Speaker Discusses Human Cost of Immigration Policy
Sept. 13, 2012
BLOOMINGTON, Ill. – The human cost of a flawed immigration system was the focus of a presentation Tuesday, Sept. 11, at Illinois Wesleyan University.
"Making Human Rights Real: Immigration Policy and Immigrant Rights" was held as part of IWU's yearlong promotion of a greater understanding of human rights issues. The presenter, Jennifer J. Carrillo, of Latinos United for Change and a community organizer at Illinois People's Action, was also formerly an undocumented immigrant who moved to the United States with her family at the age of 10.
Carrillo spoke to more than 100 students enrolled in classes that are part of the Making Human Rights Real cluster of courses offered this semester. Students in the eight courses will participate in a number of joint events to facilitate shared perspectives across disciplines.
Carrillo contends consequences from the North American Free Trade Act (NAFTA), which took effect in 1994, "has fueled a large exodus of Mexicans to the U.S." As a result of NAFTA, Carrillo said, U.S. companies have constructed maquiladoras in the free-trade zone along the Mexican border. Maquiladoras are factories that take in imported raw materials and produce goods for export.
Another effect of NAFTA has been U.S.-subsidized agribusinesses flooding the Mexican market, according to Carrillo, resulting in Mexican corn producers who cannot compete against the subsidized commodity. "We've seen 2.4 million Mexican farmers unemployed, unemployable and homeless, who have left their homes in the interior to seek work at the maquiladoras, which primarily hire young women," Carrillo said. "When work is not available there, the U.S. economy is a magnet for Mexicans."
Carrillo said there were 4.5 million Mexicans in the United States in 1990. By 2008, the number had swelled to 12.7 million, with more than half of those people undocumented, she said.
Those burgeoning numbers and the strain on U.S. systems from healthcare to law enforcement has led to considerable discussion about immigration policy. In particular, a directive from U.S. Immigration and Customs Enforcement (ICE) and its interpretation by local authorities has come under scrutiny and was included in a PBS Frontline program "Lost in Detention."
Carrillo said an ICE "hold" is a request for local law enforcement to keep a person in custody for 48 hours after the individual is eligible for release in order to facilitate transfer to ICE. "This is not the same as an arrest warrant," she explained. "It is a request so that ICE can start an investigation."
She cited instances where people were stopped for traffic violations such as improper lane changes and then ended up in an ICE detention center in the Chicago area, transported with shackled hands and feet, having never appeared before a judge and with no legal representation. "There is the notion that because these people are illegal, their rights can be trampled," she said, adding such actions are a violation of constitutional rights which apply to all people in the United States, not just citizens.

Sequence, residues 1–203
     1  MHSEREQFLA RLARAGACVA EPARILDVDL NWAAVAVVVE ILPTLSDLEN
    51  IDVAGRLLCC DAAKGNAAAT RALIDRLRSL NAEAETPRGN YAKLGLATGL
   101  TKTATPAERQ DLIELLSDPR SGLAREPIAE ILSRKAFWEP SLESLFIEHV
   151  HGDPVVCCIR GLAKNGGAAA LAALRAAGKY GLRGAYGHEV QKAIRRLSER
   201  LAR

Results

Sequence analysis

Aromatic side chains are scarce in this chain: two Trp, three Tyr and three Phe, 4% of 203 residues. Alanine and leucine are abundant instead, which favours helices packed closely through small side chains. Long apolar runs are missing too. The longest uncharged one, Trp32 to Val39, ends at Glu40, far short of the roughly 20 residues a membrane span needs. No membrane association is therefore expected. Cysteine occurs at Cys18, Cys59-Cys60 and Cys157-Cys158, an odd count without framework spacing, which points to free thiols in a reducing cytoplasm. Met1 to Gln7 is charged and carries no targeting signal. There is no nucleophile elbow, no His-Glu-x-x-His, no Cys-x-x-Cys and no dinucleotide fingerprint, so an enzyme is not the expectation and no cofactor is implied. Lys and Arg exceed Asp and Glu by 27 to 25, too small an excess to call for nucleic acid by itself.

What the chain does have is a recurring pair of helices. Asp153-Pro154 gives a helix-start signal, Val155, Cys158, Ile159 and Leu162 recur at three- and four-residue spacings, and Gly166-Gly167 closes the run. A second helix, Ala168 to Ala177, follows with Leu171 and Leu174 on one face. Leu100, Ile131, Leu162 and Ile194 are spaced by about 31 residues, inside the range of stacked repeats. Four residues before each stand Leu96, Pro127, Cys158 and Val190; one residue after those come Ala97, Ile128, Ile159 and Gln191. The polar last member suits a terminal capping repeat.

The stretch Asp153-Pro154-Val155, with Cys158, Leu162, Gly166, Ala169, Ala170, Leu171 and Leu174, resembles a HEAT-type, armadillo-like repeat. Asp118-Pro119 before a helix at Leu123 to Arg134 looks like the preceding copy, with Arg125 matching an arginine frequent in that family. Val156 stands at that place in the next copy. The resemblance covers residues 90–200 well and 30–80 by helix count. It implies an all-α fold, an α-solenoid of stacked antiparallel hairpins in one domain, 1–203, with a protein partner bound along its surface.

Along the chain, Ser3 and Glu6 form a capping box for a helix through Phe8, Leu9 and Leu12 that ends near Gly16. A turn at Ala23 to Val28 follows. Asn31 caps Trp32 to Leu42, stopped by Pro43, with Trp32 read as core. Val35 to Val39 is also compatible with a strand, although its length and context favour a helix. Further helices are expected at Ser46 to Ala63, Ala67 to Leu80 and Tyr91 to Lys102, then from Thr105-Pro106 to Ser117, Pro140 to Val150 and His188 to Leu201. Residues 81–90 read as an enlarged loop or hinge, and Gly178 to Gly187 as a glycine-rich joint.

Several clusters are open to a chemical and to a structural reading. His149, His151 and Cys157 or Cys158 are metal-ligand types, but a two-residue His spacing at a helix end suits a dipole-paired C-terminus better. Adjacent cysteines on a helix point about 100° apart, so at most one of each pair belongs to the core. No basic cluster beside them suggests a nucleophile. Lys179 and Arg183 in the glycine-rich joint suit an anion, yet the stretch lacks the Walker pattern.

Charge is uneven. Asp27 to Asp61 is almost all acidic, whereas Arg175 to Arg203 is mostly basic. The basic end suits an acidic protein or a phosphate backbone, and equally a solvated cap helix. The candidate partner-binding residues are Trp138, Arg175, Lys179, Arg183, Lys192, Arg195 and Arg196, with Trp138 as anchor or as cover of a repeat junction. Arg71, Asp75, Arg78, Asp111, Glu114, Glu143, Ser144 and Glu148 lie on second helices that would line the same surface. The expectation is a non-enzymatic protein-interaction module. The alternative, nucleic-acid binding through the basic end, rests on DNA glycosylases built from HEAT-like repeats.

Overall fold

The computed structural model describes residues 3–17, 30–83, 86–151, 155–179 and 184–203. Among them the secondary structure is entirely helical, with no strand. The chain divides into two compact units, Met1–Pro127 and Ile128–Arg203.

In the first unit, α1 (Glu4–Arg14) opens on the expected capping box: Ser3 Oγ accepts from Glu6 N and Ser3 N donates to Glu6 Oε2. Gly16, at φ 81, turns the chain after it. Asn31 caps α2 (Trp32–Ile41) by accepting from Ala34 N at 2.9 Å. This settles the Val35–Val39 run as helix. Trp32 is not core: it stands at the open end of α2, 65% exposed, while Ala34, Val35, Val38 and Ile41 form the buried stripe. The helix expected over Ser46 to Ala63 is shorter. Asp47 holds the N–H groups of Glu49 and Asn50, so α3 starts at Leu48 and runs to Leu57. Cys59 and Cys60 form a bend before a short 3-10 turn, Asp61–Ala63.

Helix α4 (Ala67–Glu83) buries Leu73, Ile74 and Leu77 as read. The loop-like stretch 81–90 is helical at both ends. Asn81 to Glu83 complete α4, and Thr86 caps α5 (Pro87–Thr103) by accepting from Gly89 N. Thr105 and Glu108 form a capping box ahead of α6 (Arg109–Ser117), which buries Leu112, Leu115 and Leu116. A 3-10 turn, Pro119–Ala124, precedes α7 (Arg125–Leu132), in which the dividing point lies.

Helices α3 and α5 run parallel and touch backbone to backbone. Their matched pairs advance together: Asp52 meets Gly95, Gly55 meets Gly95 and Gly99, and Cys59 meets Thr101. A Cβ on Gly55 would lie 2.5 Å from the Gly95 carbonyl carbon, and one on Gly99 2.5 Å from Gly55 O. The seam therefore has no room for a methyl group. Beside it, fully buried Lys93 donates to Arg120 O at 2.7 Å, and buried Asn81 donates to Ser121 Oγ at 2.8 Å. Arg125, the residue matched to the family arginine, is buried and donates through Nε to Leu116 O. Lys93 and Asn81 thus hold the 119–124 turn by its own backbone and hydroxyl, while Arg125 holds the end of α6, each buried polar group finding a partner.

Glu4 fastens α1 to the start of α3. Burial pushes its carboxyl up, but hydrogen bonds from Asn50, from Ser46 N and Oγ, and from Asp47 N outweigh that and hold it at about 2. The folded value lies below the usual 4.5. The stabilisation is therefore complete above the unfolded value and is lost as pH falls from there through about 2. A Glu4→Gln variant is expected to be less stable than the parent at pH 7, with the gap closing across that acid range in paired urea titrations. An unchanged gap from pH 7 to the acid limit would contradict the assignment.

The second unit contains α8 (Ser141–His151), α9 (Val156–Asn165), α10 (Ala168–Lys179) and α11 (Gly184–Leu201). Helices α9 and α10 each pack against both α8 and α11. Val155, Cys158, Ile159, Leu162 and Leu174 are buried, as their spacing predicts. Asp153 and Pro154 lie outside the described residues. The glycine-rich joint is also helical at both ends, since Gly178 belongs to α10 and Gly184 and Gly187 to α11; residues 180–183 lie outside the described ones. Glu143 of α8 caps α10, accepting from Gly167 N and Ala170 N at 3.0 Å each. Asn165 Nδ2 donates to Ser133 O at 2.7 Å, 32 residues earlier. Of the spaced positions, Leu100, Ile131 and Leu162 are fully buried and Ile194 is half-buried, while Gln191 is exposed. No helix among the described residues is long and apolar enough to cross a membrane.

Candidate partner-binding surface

"Our organization started to hear about what we consider these human rights abuses after distressed family members contacted us," she said. Carrillo told the story of a young woman named Maria whose mother and father disappeared. "When we went to the jail (to look for them), there was no record of them having been there. They eventually surfaced after a few days in an ICE detention center in Chicago," she said.
In an interview following the presentation, Carrillo said her job with the Illinois People's Action is to "dispel the myths surrounding immigration and help educate the community that these are people, not numbers."
She said one argument she hears is that undocumented people "should just get legal status and contribute to the system." The problem with the current immigration system, Carrillo says, "is you can't just 'get in line' for legal status because there really is no line."
People from Mexico who applied for "green cards" in 1992 are just now being processed, she said. Carrillo obtained legal status after marriage to a U.S. citizen.
Students and others attending the presentation learned about the opportunity to volunteer with The Immigration Project, a nonprofit in Bloomington. The Obama Administration's program of Deferred Action Status for Childhood Arrivals (DACA) offers freedom from fear of immediate deportation, along with a temporary work permit (that MAY be renewable in two years). This program is based on the executive branch's discretionary authority to determine deportation priorities. It is NOT based on any specific legislation passed by Congress. As such, if the Executive Branch changes their deportation priorities, this program may be terminated.
The Immigration Project, based in Bloomington, is hosting a registration event for this program at the Shirk Center on Sept. 21 and 22. Eligibility information, registration forms, and legal advice will be available at the site.
Prior to the registration event, there will be two different volunteer training sessions held on Sept. 17 at 4 p.m. and at 7 p.m. Those interested may register online for one of the sessions at http://www.iwu.edu/human-rights/DACA-registration.html
Contact: Kim Hill, (309) 556-3960